A baby moves from the minute he is born, this movement teaches him about his environment. “Babies get a lot of sensory input and feedback from movement, which helps shape how they learn and interact with others, and the world around them,” says Nicole Hilburn, Peadiatric Physiotherapist and Clamber Club Expert.
“From early on, movement is associated with better cognitive outcome, and gross motor activity has an impact on learning as well as fine motor function,” explains Nicole.
What benefits do movement and gross motor activity have?
Movement and physical activity helps a child learn about himself, explore the world around him, and coordinate movement so that he has hundreds of components of movement available to him to move in so many different ways. This helps your child to be physically active, move freely and easily in his environment, and do many physical activities such as playing, climbing, running, jumping etc. All this movement builds muscle strength, bone strength as well as fine motor skills such as manipulating objects, oral control and visual control.
Sensory and Cognitive development
Movement and physical activity help develop intellect through moving through space, using movement to solve problems in the environment, e.g. figuring out how to reach an object, or negotiate obstacles, and gives the child a sense of his body, and how he moves through space, providing lots of opportunity for developing perceptual and spatial skills.
Babies and children are able to communicate through movements such as facial expressions, pointing, taking someone’s hand, and being able to form words with oral muscles.
Movement allows us to connect with others. Whether it be to get close for a cuddle, eye contact, or a smile, all these actions are expressed through movement. It also helps build a child’s self-confidence as he manages more activities, movements and tasks.
Liz Senior Occupational Therapist and founder of Clamber Club, “Gross motor activity also develops perceptual skills such as body awareness, bilateral integration, spatial awareness, laterality, directionality and so much more. This forms the foundation for later academic learning”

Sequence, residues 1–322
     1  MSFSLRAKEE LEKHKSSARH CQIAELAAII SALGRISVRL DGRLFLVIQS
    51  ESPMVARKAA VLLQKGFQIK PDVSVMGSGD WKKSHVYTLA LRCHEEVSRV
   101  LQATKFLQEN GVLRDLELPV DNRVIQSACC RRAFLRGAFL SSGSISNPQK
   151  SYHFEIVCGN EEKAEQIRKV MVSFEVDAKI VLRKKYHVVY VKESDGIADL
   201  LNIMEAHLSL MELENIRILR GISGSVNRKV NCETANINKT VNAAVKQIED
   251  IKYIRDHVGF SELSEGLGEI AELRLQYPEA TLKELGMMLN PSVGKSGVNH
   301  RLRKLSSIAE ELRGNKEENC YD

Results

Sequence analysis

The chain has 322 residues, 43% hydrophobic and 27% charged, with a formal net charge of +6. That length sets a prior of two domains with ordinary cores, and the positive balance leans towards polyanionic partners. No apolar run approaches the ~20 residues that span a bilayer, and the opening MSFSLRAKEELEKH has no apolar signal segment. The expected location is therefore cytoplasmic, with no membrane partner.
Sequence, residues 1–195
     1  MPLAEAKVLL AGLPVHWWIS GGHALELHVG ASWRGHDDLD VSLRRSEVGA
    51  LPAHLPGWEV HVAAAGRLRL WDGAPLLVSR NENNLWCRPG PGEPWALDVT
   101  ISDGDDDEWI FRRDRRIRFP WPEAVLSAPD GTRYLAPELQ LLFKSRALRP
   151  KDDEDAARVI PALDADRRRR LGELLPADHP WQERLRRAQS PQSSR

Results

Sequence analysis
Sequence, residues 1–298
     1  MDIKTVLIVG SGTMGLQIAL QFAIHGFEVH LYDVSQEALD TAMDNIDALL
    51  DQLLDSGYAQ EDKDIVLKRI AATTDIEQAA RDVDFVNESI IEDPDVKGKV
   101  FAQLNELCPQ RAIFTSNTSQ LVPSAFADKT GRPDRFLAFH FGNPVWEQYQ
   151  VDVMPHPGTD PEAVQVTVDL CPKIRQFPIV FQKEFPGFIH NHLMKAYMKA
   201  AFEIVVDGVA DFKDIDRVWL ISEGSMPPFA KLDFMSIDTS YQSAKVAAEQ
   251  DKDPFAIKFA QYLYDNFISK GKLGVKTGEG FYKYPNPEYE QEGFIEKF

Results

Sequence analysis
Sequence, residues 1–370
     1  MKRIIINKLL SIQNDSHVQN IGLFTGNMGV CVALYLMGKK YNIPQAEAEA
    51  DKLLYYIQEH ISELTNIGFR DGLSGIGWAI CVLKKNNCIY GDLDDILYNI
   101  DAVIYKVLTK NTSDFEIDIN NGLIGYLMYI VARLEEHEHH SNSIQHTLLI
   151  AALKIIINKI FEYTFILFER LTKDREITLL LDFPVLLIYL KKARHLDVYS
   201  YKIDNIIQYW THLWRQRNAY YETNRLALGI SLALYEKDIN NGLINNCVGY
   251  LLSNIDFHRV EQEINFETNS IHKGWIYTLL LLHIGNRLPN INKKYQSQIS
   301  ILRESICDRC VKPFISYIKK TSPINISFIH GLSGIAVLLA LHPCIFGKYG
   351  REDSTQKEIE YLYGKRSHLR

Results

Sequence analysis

What ways can babies, toddlers and children engage in physical activity?
During the first 6 months gross motor or physical activity in babies is time spent on the floor, in different positions allowing the baby to kick and move against gravity on his back and tummy, and eventually sitting, crawling and walking. For more ideas on how to stimulate your baby from 0 to 12 months see the Stimulate Your Baby DVD series.
Toddlers usually walk between 12 and 14 months of age. As they become more proficient, they start to explore their world in standing, providing a different position from which to view everything, giving more options in terms of standing to squatting, climbing, and moving through space. They then begin to experiment with more complex activities such as running and jumping
These children have had a few years of learning to move and coordinate muscles in so many different ways. They now have hundreds of patterns of movement available to them in different combinations, allowing more exploration of the environment, and of their bodies. All the coordination and strength which has developed over the first 3 years of life allows them to manipulate objects with more dexterity, e.g. drawling with pencils, starting to use utensils for eating, and handling objects such as balls translates into ball games and sport which allow for further exploration and development.
How much physical activity should my child be getting?
“Babies and toddlers should be given as much time as possible to explore their environments, and move,” advises Nicole. She adds that “The American Academy of Paediatrics recommends at least 3 hours a day of movement of any intensity.” For babies, this means time on the floor, moving, kicking and reaching etc. During this time baby should not be in any equipment.
For toddlers – this is time walking, running, moving, exploring and being active.
Children over 5 years need at least an hour of vigorous physical activity per day.
The increase in technology available to children has led to a decrease in physical activity, and an increase in screen time. The American Academy of Paediatrics recommends no screen time until 2 years of age, and then an hour per day maximum for younger children. Screen time takes away time that should be spent on sensorimotor development.
The bottom line?
Let your child move and experience the joy of movement. Allowing your child to be physically active enables them to learn about themselves, the world around them, and develop so many important skills.
Contributed by Nicole Hilburn, Paediatric Physiotherapist.